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About Boston Streets


Project Personnel

Data preparation overview

Technical documents

IMLS reports

Help Area


Decorative image

Where did the images and descriptions come from and how accurate are they?

The images were cataloged between 2000 and 2004 as part of the regular work of the DCA and TBS. Levels of descriptive cataloging reflect the different missions of the two insitutions. TBS images are used by researchers the world over for a variety of research interests, genealogical, architechtural, urban develpment, built environment, etc. Therefore, TBS catalogers did extensive research on the buildings, tenants, and locations depicted in the images. The DCA images documented the development of the Tufts health sciences campus in downtown Boston, and the cataloging interest was both more specialized and less detailed. DCA catalogers tended to focus on the Tufts connection of the buildings and people in the images. Nevertheless, what unites the descriptions is the documentation of place. This connection of images to a specific point on the earth is what unites not only the images in the two collections, but connects them with the city directories and the history of the city that is contained in them, Making the images sort of "extra illustrations" of the directories, and allows the directories to furnish extra information about the images that were beyond the scope of any image cataloging research.

Can I have a copy?

You may request copies of the images you find on this site by following the link: "Request a copy of this image" when viewing pages of individual photographs. You will be directed to the web site of the institution that owns the image you are viewing.

How accurate is the information included in the directories?

The digital editions of the directories have been scanned from original pages, been converted to text twice, with versions compared for discrepencies, and encoded at Tufts with students and staff reviewing the output of the variety of processes listed above. A significant amount of "hands and eyes"-on editing has also happened on individual entries. But mistakes, of course can and will still occur.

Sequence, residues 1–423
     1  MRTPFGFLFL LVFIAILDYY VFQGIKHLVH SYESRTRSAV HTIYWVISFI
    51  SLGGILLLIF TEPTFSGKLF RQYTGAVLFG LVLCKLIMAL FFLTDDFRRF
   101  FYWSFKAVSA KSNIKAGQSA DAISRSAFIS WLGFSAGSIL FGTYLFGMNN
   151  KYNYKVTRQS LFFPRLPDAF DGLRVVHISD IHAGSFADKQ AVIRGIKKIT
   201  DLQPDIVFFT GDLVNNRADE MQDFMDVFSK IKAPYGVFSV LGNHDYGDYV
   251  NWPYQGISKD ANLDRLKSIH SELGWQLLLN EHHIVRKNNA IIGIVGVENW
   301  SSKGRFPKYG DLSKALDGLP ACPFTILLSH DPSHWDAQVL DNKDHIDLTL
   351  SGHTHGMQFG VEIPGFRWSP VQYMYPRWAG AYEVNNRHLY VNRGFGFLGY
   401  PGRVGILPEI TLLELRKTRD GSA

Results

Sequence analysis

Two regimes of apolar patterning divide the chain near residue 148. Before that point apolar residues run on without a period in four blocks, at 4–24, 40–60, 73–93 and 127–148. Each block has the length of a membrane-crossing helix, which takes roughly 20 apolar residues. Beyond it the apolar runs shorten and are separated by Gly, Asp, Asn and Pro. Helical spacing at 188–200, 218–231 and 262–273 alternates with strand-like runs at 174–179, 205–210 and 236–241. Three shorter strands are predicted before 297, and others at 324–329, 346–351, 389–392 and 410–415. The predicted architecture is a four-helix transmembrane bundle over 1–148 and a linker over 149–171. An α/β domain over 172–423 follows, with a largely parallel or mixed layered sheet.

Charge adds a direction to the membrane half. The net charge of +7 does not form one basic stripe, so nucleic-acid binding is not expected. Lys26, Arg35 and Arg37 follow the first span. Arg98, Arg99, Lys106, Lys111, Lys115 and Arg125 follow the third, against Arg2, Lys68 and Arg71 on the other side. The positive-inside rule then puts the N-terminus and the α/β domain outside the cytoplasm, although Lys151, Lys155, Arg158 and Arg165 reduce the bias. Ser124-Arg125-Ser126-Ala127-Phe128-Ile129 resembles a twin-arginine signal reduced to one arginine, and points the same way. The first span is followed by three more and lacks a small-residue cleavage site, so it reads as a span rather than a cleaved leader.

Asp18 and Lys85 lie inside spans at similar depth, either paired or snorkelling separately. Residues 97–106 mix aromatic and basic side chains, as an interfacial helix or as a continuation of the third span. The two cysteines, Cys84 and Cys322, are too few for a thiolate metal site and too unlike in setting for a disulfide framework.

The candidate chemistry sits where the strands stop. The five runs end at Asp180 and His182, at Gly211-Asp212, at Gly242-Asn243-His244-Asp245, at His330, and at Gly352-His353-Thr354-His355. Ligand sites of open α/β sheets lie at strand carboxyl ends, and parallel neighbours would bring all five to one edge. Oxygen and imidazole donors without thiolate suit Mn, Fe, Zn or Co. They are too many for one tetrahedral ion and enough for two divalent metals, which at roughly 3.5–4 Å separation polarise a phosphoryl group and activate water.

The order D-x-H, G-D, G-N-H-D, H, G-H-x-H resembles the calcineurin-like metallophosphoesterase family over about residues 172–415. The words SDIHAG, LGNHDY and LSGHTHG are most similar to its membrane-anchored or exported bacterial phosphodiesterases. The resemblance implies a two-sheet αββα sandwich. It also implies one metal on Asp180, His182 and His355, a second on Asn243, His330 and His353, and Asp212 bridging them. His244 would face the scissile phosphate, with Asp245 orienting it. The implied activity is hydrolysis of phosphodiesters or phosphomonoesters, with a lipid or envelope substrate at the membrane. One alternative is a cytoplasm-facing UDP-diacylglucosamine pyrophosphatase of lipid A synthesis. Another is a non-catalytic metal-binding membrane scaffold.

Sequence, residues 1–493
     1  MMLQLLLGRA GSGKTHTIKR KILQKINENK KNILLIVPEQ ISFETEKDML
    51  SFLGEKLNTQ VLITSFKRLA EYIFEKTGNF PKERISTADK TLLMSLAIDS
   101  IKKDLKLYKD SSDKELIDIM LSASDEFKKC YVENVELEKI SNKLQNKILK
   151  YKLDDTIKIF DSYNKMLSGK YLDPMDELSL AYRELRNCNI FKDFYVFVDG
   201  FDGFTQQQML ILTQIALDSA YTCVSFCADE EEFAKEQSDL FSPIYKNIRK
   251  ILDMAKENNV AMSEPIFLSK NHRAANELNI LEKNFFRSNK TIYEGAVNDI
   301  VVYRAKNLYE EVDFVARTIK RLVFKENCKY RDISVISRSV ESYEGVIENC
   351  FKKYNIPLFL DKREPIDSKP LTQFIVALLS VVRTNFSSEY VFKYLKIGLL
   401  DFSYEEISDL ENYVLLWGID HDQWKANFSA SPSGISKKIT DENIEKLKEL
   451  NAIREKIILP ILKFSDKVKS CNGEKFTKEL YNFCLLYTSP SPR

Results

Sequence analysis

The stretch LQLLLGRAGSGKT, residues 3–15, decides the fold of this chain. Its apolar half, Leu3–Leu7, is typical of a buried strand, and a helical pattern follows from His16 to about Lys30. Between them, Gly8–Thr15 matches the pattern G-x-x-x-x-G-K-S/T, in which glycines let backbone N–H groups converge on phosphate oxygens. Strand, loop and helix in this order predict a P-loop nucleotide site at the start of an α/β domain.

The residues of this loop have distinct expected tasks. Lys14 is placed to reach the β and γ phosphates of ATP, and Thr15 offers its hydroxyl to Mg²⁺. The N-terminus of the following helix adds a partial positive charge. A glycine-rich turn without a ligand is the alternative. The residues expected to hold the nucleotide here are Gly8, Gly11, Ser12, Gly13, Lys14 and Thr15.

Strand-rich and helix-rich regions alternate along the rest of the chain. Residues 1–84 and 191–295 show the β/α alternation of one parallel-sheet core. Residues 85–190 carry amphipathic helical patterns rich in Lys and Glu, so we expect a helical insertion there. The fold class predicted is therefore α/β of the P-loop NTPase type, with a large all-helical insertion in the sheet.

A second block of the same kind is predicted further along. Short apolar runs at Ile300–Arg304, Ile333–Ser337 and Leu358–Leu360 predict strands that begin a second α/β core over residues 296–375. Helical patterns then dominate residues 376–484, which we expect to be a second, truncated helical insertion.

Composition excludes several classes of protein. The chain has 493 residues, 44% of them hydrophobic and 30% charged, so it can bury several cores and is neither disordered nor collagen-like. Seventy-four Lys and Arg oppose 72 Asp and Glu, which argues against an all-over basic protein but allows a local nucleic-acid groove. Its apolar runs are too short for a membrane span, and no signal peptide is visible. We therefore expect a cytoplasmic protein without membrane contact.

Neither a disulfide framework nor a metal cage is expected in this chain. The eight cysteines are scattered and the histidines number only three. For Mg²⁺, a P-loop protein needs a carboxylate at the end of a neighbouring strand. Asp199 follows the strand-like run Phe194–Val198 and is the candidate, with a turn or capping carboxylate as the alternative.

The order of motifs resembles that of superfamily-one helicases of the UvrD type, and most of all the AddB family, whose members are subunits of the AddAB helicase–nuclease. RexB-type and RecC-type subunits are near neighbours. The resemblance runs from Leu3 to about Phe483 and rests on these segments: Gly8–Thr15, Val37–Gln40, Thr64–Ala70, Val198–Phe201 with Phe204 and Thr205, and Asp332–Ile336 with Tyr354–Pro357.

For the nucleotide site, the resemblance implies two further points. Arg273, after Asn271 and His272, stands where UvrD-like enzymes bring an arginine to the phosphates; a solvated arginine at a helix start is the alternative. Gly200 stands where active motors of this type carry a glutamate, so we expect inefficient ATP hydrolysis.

We have taken some consolation in the findings that sometimes, while chasing down an error, we are able to trace back through the tagged documents, converted texts, scanned page images all the way to the original printed versions. It appears that even the original compilers were not perfect, except when the errors were incredibly obvious, we have not corrected questionable errors exiting in the digital documents that can be traced to the originals.

As always, we encourage patrons to question "doubtful" content and notify us of mistakes. We will take every effort to resolve and correct any errors we have made, or that can be proven to be wrong in the originals by additional sources.

How are they different from the printed directories available in traditional libraries?

These directories could be considered to be new, digital, abridged additions. Not all sections of all directories are offered, nor all all included sections accessible to the same level. Page images of advertisements, for example, are included for reference, but the text on these pages cannot be searched, only read while browsing.

These digital directories are also arranged in a way we think Charles Stimpson, George Adams and the other original publishers would have approved of whole-heartedly. While the alphabetical divisions have been replicated, we have used current technology to transcend the "page" limitations of organizing information and instead offer a second level of division by last name (or the first "word" of each entry).

How are/were the online directories created, structured and delivered?

The directories offered as part of the Boston Streets Collection all were originally scanned from printed directory sources available for consultation at the Tisch Library, Tufts University and The Bostonian Society Library. Scans of the directories from to cover to cover, or in sections (personal A-Z listings, Advertisements, etc.) were made at the Digital Collections and Archives from late 2002 through 2004. Sections to be converted from images to text files were sent out to DigitalDivideData for double-key data entry and quality assurance processes.

Once the page images of A-Z listings had been converted into text files, the project staff began the mark-up process, following the Text Encoding Intiative's P4 XML guidelines. Text editors were used to execute regular expression-based global search and replacement processes on the data, while programmers on staff aided in the "chunking" of directories by last name. Once the text files were transformed into highly-tagged well-formed XML files, they were added into the Tufts FEDORA system for management and delivery, along with page images from section not converted to texts and the accompanying metadata files. Much like the original printers, stylistic qualities are applied to components of each entry to highlight personal and organizational names, occupations, and addresses.